At any given moment, the ever-inspired designer Gary Graham has a handful of elaborate ideas percolating, and when there’s an opportunity to translate one into his ready-to-wear, the real fun begins. For his first-ever resort collection, exclusively available at Barneys this season, he tapped into one of his all time favorite books, “Our Lady of the Flowers” by Jean Genet. The poetic novel was published in 1943 and is set in the Parisian underworld.

“At the beginning of the book, there’s a funeral procession for Divine, one of the main characters who is a transvestite, held outside her garret in Paris,” explains Graham of the unconventional inspiration. “It’s just so beautifully written, and it’s pretty punk rock in terms of the point of view. It’s all written from a prison cell. Jean Genet was a real outsider and an interesting person. He creates a lot of romantic imagery surrounding the degenerates and outsiders.” Graham took the inspiration a step further and conceptualized the funeral scene performed as a ballet.

Genet, Matta Clark, Michael Clark

He imagined that the ballet would be performed in a set inspired by Conical Intersect (pictured in the above collage), an installation created by Gordon Matta-Clark for the 1975 Paris Biennale, which featured a radical incision through two adjacent 17th century buildings designated for demolition near the Centre Georges Pompidou.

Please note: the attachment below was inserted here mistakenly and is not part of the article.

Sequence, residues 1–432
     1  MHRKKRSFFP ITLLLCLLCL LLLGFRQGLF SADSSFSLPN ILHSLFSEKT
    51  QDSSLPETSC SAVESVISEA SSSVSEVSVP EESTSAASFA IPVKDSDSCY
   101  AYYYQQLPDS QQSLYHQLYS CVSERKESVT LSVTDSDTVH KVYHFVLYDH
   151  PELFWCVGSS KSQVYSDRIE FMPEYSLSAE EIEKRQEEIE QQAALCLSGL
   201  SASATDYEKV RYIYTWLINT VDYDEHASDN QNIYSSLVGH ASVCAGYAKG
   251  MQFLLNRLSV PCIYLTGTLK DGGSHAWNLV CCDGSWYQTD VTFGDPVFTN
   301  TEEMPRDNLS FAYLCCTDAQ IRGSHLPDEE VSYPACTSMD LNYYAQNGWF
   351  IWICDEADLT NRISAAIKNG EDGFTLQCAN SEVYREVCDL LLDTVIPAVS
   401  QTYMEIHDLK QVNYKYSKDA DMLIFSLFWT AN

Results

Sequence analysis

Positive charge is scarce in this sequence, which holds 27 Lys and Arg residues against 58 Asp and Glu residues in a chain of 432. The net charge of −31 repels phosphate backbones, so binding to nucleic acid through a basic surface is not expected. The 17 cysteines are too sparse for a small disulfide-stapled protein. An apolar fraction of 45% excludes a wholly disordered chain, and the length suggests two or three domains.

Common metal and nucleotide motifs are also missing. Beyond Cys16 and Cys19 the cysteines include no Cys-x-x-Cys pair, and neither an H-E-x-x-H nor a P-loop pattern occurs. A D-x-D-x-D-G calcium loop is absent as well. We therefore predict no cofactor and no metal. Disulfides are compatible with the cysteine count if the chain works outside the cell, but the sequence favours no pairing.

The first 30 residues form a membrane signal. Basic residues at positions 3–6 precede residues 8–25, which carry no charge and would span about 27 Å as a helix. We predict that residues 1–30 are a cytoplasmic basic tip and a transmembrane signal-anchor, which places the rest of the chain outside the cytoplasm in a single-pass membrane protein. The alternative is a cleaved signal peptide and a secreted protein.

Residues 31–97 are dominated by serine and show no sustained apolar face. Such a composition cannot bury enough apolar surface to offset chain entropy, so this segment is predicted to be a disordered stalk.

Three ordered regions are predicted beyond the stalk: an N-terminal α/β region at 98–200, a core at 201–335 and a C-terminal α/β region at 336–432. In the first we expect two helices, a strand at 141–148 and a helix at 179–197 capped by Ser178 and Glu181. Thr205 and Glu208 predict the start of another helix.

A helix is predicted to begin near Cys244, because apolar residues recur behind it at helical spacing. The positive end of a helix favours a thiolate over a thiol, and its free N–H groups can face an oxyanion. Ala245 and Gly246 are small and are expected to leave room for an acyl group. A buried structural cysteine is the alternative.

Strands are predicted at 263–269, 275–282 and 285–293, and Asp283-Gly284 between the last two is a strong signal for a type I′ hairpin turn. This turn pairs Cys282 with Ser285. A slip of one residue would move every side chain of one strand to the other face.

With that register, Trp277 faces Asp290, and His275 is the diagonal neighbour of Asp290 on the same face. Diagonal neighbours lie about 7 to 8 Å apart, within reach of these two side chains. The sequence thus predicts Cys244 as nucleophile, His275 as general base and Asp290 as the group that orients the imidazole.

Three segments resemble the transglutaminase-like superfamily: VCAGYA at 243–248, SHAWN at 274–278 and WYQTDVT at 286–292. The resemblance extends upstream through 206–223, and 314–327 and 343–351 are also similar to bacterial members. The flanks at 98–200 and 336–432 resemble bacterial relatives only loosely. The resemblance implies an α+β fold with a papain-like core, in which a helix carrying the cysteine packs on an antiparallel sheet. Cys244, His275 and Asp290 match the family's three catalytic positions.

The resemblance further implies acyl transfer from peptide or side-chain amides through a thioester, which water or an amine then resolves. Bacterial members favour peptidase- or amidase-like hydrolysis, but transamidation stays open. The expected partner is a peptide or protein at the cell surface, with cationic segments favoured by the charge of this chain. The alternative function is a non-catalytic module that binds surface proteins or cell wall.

sleeve blouse

“There’s nothing literal about the inspiration whatsoever, so if the theme seems kind of dark, just think of it as a beautiful theatrical procession. There’s lace and chiffon, and a lot of black. It’s really just about those vintage-inspired elements,” explains Graham.

louis gown

A swatch of antique fabric the designer found at the Port de Clingnancourt flea market in Paris featuring a Louis Culafroy print (Louis Culafroy is Divine’s real name in the book) was what sparked Graham’s elaborate concept and specifically the gorgeous chiffon gown in the collection.

“It’s just so fun conceiving of these fantasy projects and creating mini worlds, but I don’t need to impose it on the consumer,” says Graham. “They can dive as deep or shallow as they want, even if I go far with my own research. At the end of the day, I love the idea of these pieces working back with someone’s own wardrobe, whether it be with other pieces from my own collections or other designers.”

Shop The Story